While efforts to ban the bags statewide have failed numerous times over the past decade, it has once again been proposed in California's legislature. In the meantime, at least 10 Southland municipalities have approved local ordinances regulating plastic bags.
The map below lists areas in Southern California that have started or will start banning single-use plastic bags. No communities in San Bernardino or Riverside counties have passed a plastic bag ordinance. Click on each shaded area to read more about that municipalities' ordinance:
|All stores||Large stores only||Ban coming soon|
Source: Various municipalities
Aiming to cut landfill waste, pollution and protectc the environment, Malibu became the first Southern California city to ban single-use plastic bags in 2009. Since then, the restrictions have spread from Ventura County's Ojai to coastal cities like Laguna Beach and Manhattan Beach , to Los Angeles County's unincorporated areas including Marina del Rey, East L.A. and Hacienda Heights.
As for the city of Los Angeles, last May it began the process of implementing a ban by ordering an environmental review. The draft environmental impact report is now out for public comment. You can read it below.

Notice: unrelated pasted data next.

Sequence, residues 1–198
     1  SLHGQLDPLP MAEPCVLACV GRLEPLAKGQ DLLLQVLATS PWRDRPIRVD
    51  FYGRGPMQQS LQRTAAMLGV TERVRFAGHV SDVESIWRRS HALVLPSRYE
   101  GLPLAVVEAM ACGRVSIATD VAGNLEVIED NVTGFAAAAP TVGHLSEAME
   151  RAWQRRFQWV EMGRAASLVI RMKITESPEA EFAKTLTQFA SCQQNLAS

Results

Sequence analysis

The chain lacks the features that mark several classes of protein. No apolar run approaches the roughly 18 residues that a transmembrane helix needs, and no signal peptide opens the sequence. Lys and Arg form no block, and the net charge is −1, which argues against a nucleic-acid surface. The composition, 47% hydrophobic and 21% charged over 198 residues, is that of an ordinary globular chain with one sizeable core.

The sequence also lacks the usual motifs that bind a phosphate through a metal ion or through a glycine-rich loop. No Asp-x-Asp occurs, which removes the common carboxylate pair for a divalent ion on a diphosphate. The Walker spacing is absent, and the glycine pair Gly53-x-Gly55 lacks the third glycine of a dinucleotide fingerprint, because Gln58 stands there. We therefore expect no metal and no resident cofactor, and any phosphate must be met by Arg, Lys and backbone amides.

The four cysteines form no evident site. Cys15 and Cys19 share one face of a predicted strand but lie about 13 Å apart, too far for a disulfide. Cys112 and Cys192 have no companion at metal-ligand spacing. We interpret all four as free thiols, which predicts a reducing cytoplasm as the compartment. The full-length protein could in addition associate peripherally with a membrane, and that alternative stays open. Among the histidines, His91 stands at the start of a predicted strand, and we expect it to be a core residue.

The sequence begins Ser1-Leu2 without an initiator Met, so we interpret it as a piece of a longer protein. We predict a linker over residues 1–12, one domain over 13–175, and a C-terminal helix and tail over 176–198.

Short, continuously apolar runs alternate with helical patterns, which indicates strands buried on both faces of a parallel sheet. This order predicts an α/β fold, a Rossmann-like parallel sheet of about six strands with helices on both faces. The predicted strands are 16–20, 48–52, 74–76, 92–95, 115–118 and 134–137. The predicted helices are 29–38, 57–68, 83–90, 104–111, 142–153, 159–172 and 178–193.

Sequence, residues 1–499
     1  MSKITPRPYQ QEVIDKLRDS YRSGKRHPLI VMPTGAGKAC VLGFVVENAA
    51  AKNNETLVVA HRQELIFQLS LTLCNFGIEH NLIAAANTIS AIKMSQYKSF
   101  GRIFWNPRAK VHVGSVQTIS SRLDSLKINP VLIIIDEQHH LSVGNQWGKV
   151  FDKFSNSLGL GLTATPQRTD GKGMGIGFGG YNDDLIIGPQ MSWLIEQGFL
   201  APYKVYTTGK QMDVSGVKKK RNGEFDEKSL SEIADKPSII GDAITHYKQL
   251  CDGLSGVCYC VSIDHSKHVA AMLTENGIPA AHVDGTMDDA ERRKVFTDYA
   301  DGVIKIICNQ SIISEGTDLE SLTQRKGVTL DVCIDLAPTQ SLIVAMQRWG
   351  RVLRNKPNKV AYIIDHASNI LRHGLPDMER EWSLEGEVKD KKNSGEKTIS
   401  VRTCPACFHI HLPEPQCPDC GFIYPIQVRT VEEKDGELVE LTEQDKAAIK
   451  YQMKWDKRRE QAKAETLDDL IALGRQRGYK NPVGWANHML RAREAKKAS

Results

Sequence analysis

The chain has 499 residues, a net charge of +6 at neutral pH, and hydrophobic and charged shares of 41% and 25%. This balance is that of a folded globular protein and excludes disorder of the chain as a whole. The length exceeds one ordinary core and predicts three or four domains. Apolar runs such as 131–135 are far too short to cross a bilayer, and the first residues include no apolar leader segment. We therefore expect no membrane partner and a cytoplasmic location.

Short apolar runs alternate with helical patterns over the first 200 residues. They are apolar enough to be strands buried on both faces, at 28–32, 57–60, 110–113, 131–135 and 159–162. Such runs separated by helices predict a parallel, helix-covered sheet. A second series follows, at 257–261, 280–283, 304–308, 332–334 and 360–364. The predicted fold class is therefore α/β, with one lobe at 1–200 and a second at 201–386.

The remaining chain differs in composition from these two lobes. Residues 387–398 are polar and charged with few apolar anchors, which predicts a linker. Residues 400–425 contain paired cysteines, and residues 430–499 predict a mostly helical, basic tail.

Three more public comment meetings are scheduled: Feb. 26 at Shadow Ranch Recreation Center in Canoga Park; Feb. 27 at South LA Sports Activity Center; and Feb. 28 at Lou Costello Recreation Center. All meetings start at 5:30 p.m. Written comments can also be sent to the city Bureau of Sanitation's division manager, Karen Coca by March 11.
If approved, L.A. would become the largest city in the U.S. to ban plastic bags.
Here's the bottom line for shoppers in areas where bans are in effect: Bring reusable bags to any store that sells food or you'll probably have to pay for each paper bag, usually $ . 10 cents. Bakeries, convenience stores and gas stations are included, but restaurants and food trucks are not. Plastic product bags for your vegetables and meats may still be provided.
Specific rules and enforcement vary among each jurisdiction, so be sure to check with your local city. Laguna Beach, Santa Monica and Malibu , for example, have banned plastic carry-out bags at clothing stores as well.
Those who qualify for food stamps, like the Special Supplemental Food Program for Women, Infants and Children (WIC) and Supplemental Nutrition Assistance Program (SNAP), do not have to pay for the paper bags.
Most cities, including West Hollywood, are putting the ban into effect in two phases – first, at large grocery stores and then, six months later, at smaller shops.
Other municipalities like Irvine , Culver City and Huntington Beach are studying bans as well. As for a statewide ban, State Senator Alex Padilla (D-Pacoima) and State Assemblyman Marc Levine (D-San Rafael) have introduced bills in both the state Senate and the Assembly.